If you follow my blog, you know I love visiting places with unique California history. While California has a lot of historic breweries, Anchor Brewing Company has been high on my list for a long time. This brewery has been hard for me to check off as it is in San Francisco and often has a 6-month wait to schedule a tour during popular months. All that to say, I was finally able to check it out, and it was worth the wait!
- Tour is free, but you need reservations, and you need to get them in advance.
- Two tours a day, but plan about two hours for the tour and any samplings you do.
- I wrote this in 2015, so some of the information may have changed.
When we arrived at the brewery for our 10 AM tour, I was blown away by the size. It’s crazy to see how much San Francisco real estate the brewery takes up. We checked in for the tour and waited in the impressive tap room for it to begin.
The Tap Room
The taproom had a lot of fun memorabilia on the history of the company and was a very open and welcoming place to relax. We met our tour guide Bobby, who was great and headed into the brewery.
Read the full history on their site but here is a small synopsis:
Gottlieb Brekle bought an old beer-and-billiards saloon on Pacific Street near Russian Hill for $3,500, transforming it into the brewery that, twenty-five years later, would be renamed, Anchor. Prohibition effectively shut Anchor down in 1920. There may have been a few “activities” during Prohibition and the era of bootlegging. Still, there is no record of Anchor Brewery doing anything—legal or illegal—during this time, other than waiting with the rest of San Francisco for the return of Anchor Steam Beer.
A young Stanford grad named Fritz Maytag learned that the makers of his favorite beer were soon to close their doors forever. Despite its primitive equipment and financial condition, Fritz rushed to buy 51% of the historic little San Francisco brewery —for a few thousand dollars—rescuing Anchor from imminent bankruptcy. After 45 years, Fritz Maytag, having inspired thousands of craft brewers, announces his retirement with the sale of Anchor Brewing to Keith Greggor and Tony Foglio. Anchor’s new owners make plans to preserve and expand the iconic brand’s operations and cement its position as a leader in craft brewing and artisan distilling.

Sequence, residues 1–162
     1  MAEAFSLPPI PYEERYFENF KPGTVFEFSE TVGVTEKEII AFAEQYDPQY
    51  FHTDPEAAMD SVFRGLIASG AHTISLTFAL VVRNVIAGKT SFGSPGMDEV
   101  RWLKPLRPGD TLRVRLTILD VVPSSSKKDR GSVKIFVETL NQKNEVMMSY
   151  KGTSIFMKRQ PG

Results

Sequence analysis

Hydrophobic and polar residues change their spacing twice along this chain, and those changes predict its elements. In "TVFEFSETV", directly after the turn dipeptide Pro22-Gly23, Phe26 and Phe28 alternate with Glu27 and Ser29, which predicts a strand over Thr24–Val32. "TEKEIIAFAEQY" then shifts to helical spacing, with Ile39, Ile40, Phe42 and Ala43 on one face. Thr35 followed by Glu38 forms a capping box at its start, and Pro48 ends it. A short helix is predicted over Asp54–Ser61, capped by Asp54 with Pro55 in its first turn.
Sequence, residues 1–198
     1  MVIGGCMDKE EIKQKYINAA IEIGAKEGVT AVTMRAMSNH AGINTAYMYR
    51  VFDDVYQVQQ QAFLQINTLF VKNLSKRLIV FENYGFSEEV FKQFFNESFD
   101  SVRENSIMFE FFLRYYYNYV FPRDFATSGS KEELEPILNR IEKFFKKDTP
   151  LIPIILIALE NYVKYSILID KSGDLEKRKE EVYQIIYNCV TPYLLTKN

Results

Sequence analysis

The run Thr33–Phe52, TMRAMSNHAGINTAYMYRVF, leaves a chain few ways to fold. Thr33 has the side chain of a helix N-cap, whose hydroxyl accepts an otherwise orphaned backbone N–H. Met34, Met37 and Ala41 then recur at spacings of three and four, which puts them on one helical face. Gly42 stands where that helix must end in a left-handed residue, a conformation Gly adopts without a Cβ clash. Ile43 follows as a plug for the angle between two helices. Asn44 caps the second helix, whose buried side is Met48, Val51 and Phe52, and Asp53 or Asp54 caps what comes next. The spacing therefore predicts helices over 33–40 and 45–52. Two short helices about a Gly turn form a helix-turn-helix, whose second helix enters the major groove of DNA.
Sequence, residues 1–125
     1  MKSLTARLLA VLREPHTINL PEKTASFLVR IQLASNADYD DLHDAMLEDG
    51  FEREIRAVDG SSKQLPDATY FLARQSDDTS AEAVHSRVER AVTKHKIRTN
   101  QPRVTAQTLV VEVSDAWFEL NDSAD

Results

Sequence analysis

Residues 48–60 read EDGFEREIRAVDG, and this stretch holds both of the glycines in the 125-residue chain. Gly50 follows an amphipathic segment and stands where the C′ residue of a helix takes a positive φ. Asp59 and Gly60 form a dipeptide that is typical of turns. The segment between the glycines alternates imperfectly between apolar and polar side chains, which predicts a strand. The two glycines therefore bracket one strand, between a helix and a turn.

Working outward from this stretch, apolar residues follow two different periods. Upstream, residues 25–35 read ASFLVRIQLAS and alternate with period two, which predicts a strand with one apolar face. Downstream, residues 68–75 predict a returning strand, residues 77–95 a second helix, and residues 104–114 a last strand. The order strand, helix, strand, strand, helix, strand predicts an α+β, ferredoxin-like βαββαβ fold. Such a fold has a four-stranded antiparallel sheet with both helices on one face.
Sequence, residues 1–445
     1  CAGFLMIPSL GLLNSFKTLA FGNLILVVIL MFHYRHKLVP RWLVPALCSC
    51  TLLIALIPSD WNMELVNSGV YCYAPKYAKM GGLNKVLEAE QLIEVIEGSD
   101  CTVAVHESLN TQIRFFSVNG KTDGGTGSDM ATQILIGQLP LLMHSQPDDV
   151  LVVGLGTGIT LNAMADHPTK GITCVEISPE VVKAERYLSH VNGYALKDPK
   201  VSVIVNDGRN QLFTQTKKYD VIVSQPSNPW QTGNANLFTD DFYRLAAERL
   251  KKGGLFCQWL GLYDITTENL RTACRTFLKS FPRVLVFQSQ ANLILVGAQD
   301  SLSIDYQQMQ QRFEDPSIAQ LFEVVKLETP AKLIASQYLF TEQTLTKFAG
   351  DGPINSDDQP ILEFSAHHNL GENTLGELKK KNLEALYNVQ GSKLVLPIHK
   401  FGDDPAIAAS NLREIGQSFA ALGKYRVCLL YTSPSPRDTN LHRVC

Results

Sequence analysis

As soon as you start the tour, you are greeted with the three big copper vats that process the beer. These things are so awesome and the highlight of the tour as they are both beautiful and historic. When you see stuff about Anchor Brewing online, these vats are always what you see.
From there, you proceed to the massive pools of beer where the beer is fermenting, I believe. It’s as big as a swimming pool, and there are four of them.
All along this tour, there are rooms with all sorts of different purposes from storing beer to cooling it down, and they appear to be notched out of the long hallway you walk down.
One of these rooms was the hops closet, which was a room full of hops. There were many different types of hops all laid out in this room like a farm.
After that, we proceeded down into the chilling area where the beer sits, gets hopped, and gets the CO2 put back into it. Outside of the cooling zone, it was fun to see the crazy system of conveyor belts where the boxes of beer were moved around above your head, kind of like a scene from Willy Wonka and the Chocolate Factory.
From there, we proceeded up to the bottling line, and that process was seriously amazing. It had bottle washing, filling, and label stamping all as fast as you can imagine. They process an insane amount of beer down here each day.
After that, the tour finishes, and you head back up to the taproom for the tasting.
It is crazy how much beer you can taste for free here after the tour if that is your thing. They give everyone 4 oz pours of all 8 of their beers. It is a relaxed atmosphere where you can interact with the workers and just hang out and ask questions. They also have cheap merchandise, which is refreshing to see as so many breweries charge a crazy amount to buy any souvenirs.
All in all, Anchor Brewery is one of California’s best. The people are fantastic, and the tour is historic and fun. I highly recommend it if you can get on a tour, and even if you do not drink beer, you will enjoy seeing this unique part of San Francisco history.